Neighborhood Clubhouses Addresses Workplace Challenges
As the global workforce transitions to a new way of operating, companies aimed at accommodating these changes have begun emerging.
The pandemic has proven that the five-day, 40-hour in-office work week is unnecessary. Now, businesses are shifting to various versions of hybrid and remote work models to optimize their workers.
One model to emerge from this pivot is the “neighborhood clubhouse” that sits in between a coffee shop and a coworking space.
This new arrangement addresses the downsides of all other workplace strategies, such as the lack of space that can come from the WFH model or the traditional office placing unreasonable expectations on professionals.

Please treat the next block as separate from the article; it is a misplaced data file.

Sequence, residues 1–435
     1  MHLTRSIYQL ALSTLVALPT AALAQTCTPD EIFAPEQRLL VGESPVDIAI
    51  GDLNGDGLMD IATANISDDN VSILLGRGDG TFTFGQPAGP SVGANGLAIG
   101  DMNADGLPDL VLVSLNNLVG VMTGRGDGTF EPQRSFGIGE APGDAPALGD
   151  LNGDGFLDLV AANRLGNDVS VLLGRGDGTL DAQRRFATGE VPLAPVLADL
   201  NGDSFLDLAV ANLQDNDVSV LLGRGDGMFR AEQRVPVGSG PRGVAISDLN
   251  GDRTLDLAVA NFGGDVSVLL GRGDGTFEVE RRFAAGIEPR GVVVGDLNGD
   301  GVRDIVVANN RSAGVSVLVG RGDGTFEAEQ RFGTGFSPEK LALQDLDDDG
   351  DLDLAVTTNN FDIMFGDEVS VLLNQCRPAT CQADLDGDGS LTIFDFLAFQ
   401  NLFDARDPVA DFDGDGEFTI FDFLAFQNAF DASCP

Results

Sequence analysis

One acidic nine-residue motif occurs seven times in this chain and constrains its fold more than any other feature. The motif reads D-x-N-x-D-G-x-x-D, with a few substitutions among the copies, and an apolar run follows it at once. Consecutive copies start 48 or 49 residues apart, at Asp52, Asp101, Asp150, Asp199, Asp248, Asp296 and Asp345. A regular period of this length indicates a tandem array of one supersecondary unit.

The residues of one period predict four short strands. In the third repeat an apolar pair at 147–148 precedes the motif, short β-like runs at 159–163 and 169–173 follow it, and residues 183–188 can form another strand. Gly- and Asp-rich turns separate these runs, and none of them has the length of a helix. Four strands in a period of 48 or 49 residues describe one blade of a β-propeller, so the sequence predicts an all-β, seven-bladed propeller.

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Even traditional coworking models have their own limitations as they are commonly located in urban centers, meaning workers would still have to commute to the city to work in these spaces.
One example of a neighborhood clubhouse attempting to address these challenges is Switchyards in Atlanta.
At a traditional coffee shop, patrons typically buy a drink and work for a few hours in the space. With the neighborhood clubhouse model, users pay a monthly fee to drink their favorite coffee beverages for free and use the space to work.
Currently, Switchyards has three locations in Atlanta and wants to continue serving neighborhoods rather than busy office districts.
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